Coastal Wanderings

Lately, I've been getting a lot of questions about surf fishing.  I've posted a few photos from some recent trips and have run into a few toads in the process of learning how to fish the surf.  I have to admit though, I'm not an expert when it comes to this style of fishing, not even close.  Most of the time I'm out there fumbling through the process, learning as I go.  I get skunked a lot too!  

With that said, I have learned a few thing about fishing the tidal zone this year.   The gear matters quite a bit, as does your ability to read the water.  So...when you head out, learn from my mistakes!


Rod, reel and line:

This one's pretty important in my opinion.  I started by taking out my regular 7wt rod, the one I use for Steelhead from time to time.  It worked alright, but it had some pretty major limitations.  

I currently use an 11'6" Redington Chromer (6wt) which gives me the few extra inches I need to make longer casts and get over any waves coming my way.  I've paired that with a Redington Rise reel which can take a beating in the surf.  With a quick rinse after being immersed in salt water, it's ready to head out for the next trip.  This is the exact same rod and reel I use for stripping flies on Pyramid lake too. 

The last element of the rig that's really important is line choice.  I've used a few different lines and sink tips with varying success.  The line that's brought be the best luck has been the Rio InTouch Outbound.  It's the line with the Striper on the box, so it's got to be good right?  This line shoots well, especially paired with the Chromer, getting you the extra distance you'll need for the surf.  Most importantly it gets down quick, even in saltwater or faster currents. 


Surprisingly, I keep this one really simple.  My surf box is NOTHING like my trout boxes.  When I'm trying to come tight on a big perch or some striped bass, I stick with three patters.  For perch, anything orange.  I tie a lot of my own flies and I usually just use some lead eyes, buck tail, and marabou.  If it's orange, it will get the job done.  I'm sure there are a lot of great flies to use in the surf but this is a good starting point. 

I also use a good old-fashioned clouser or deceiver.  Basically, any solid bait fish pattern will work just fine. 

Typically, I'll run a two fly rig in order to cover the bass and perch at the same time but you can easily stick with one fly and be just fine. 


When I first started fly fishing in the surf, I wore my waders every time.  I've been using the Sonic Pro HD Waders by Redington.  These things are really great and I use them for still water and trout fishing year-round.  The one drawback to the waders, is that sand finds its way into your boots really quickly and you may have to empty them out from time to time.  If you have waders with integrated boots, those will work better. 

I've also had success with using a pair of simple board shorts.  If you're not afraid of getting a little wet, this allows you to take a few more "risks" in the waves without the fear of filling your waders with salt water.  Most Northern California beaches can be a little chilly to use this tactic though.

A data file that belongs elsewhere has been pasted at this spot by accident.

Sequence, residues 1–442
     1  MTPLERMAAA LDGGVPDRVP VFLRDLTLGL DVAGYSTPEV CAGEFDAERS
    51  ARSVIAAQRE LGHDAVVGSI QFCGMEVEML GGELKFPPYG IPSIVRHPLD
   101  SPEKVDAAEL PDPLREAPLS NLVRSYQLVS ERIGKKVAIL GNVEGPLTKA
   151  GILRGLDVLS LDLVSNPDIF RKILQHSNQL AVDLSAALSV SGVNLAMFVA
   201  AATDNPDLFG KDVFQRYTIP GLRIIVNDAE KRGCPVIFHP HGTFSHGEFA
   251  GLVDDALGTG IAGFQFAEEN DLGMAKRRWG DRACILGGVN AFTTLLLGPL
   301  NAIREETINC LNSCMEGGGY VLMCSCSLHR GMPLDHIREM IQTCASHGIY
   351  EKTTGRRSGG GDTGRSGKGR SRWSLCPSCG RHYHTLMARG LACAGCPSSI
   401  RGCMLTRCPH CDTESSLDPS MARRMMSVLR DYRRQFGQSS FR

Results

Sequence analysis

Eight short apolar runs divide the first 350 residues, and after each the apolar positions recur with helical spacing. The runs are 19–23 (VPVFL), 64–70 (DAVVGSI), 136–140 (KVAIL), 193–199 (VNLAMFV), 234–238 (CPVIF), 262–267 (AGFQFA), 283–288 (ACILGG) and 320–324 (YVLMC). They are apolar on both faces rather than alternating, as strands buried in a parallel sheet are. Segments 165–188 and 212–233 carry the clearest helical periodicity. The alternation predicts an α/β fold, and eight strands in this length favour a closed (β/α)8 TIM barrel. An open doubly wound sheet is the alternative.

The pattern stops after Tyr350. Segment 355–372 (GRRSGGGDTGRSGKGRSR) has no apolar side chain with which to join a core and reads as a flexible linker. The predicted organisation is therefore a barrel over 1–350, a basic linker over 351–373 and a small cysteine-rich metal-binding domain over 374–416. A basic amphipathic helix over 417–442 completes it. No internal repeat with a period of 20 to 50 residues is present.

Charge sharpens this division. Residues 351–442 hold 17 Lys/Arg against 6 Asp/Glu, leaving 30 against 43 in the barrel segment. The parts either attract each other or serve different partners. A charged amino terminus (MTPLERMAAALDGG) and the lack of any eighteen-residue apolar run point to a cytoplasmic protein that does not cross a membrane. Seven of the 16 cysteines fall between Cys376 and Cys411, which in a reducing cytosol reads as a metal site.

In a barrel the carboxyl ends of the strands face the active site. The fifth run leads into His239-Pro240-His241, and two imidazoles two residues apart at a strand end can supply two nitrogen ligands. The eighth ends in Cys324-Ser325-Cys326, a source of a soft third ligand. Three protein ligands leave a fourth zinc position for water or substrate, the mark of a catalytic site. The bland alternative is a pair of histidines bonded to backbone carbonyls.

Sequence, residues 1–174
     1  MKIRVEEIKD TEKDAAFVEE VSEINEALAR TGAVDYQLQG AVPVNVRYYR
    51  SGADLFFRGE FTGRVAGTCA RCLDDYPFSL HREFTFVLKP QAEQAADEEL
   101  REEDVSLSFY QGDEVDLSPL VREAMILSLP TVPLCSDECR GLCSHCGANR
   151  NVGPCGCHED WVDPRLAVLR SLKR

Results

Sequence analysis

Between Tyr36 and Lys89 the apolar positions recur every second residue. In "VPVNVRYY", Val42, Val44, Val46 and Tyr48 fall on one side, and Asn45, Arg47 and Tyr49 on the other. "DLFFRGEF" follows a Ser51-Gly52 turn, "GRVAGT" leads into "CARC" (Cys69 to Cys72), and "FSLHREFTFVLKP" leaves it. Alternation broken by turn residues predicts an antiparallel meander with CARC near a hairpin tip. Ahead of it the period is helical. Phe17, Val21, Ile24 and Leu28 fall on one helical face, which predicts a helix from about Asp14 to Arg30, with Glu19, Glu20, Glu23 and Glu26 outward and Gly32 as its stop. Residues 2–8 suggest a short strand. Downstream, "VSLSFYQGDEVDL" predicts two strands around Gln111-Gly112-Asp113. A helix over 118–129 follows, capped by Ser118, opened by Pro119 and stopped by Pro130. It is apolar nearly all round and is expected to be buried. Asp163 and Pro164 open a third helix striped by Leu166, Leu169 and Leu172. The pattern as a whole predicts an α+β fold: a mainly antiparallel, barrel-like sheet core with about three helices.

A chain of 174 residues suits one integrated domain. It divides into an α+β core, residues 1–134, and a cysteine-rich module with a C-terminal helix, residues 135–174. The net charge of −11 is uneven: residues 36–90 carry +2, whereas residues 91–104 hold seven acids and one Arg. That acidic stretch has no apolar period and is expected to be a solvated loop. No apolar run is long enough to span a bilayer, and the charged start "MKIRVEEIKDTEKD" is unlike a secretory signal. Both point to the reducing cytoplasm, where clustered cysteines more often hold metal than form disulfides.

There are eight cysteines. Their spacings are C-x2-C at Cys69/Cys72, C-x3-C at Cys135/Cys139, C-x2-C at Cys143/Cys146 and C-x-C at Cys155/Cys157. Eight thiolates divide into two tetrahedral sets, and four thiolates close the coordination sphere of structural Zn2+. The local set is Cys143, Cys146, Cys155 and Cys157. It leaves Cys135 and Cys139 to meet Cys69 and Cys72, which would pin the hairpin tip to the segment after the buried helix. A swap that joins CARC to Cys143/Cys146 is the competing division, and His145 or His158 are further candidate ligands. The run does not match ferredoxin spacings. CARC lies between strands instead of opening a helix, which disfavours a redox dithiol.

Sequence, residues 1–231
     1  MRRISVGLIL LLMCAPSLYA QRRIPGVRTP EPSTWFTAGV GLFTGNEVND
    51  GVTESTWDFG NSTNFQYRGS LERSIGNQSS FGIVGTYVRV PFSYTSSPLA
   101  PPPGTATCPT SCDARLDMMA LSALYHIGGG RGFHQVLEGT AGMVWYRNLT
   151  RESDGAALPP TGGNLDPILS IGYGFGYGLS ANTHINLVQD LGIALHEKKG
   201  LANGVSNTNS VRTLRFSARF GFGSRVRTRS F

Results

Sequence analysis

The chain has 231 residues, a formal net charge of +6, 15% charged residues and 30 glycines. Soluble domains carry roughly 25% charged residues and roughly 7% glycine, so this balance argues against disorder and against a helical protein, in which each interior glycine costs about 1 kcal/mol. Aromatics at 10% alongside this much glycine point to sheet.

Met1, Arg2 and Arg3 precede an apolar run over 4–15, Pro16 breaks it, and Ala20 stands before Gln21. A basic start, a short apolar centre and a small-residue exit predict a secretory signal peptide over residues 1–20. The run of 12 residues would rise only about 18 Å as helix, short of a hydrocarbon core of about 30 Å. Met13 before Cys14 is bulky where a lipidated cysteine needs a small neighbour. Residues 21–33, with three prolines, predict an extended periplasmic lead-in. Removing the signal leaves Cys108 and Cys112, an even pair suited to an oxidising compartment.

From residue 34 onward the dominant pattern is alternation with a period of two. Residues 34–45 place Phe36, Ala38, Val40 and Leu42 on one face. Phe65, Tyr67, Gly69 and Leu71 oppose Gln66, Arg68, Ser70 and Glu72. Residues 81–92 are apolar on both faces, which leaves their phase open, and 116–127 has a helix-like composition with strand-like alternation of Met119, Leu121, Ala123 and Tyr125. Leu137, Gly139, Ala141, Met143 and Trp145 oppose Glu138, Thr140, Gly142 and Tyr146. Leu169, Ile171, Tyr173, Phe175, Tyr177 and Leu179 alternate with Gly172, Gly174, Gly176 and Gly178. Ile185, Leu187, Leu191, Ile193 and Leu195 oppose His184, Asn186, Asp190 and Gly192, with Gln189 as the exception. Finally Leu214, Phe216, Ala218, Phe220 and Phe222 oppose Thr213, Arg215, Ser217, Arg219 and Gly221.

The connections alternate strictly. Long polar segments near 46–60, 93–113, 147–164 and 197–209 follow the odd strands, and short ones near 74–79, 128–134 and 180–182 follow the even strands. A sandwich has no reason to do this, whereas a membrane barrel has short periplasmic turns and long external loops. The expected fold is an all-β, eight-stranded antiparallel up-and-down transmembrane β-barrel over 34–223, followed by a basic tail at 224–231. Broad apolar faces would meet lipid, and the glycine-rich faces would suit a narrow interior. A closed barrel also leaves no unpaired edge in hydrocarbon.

My current approach has me using a wetsuit.  Yeah, that's right, a wetsuit.  I've been able to get substantially more aggressive in the surf with a wetsuit.  Instead of getting knee-deep and watching for waves with a nervous eye, the wetsuit allows me to get waist-deep (or deeper) and just jump over the waves when they come in.  If a bigger set rolls through, I can just duck dive and come out the other end unscathed.  It sounds a little silly but I've had some of my best days using a wetsuit!

The one drawback to using the wetsuit is that I don't have any storage for flies, my camera, or any other gear I might need.  This problem can be solved pretty easily with a dry bag that you leave on the beach.  I use the Tillak Dry Bag.  Not only does this bag fit just the right amount of gear, the company gives back to conservation organizations in some serious ways!

Reading Water:

This one took me awhile!  I'm sure you'll figure it out more quickly than I did.  Once you get the details down, your catch rate will go through the roof!

If I can, I start by getting a high vantage point to see as much of the beach as I can.  This gives me the opportunity to see any deeper sections or cuts in the beach that fish, or bait, might be holding in.  What you'll be looking for is a section where a wave crashes, then flattens out before hitting the shore.  The area where the wave flattens out is usually a pocket of deeper water.  Spend as much time as you can fishing the buckets and troughs.  That's where the fish will stack up on a high tide.  

You can also look for current seams taking sand from the beach out into the waves.  This typically means there's some bait (usually sand crabs) being pushed out to sea too.  When you find the bait, you'll find the fish!  

Another thing that's  worked well for me is just flat out covering water, especially if you're on a bigger beach.  In my experience, the fish usually pile up in more concentrated areas and will hit a fly properly swung/stripped through their zone in the first few casts.  So...if you haven't been hit, move on to the next likely holding water.  

Like I said, I'm no expert when it comes to surf fishing.  The few things I've learned have been through lots and lots of trial and error.  You've got to be patient and persistent and the best way to get into some good fish is to put in time on the water!  If you're just getting started, Lost Coast Outfitters is a great local shop to pick up the right rod, reel, lines, and flies.  George and the boys down at LCO will get you on the right track for some fun in the surf!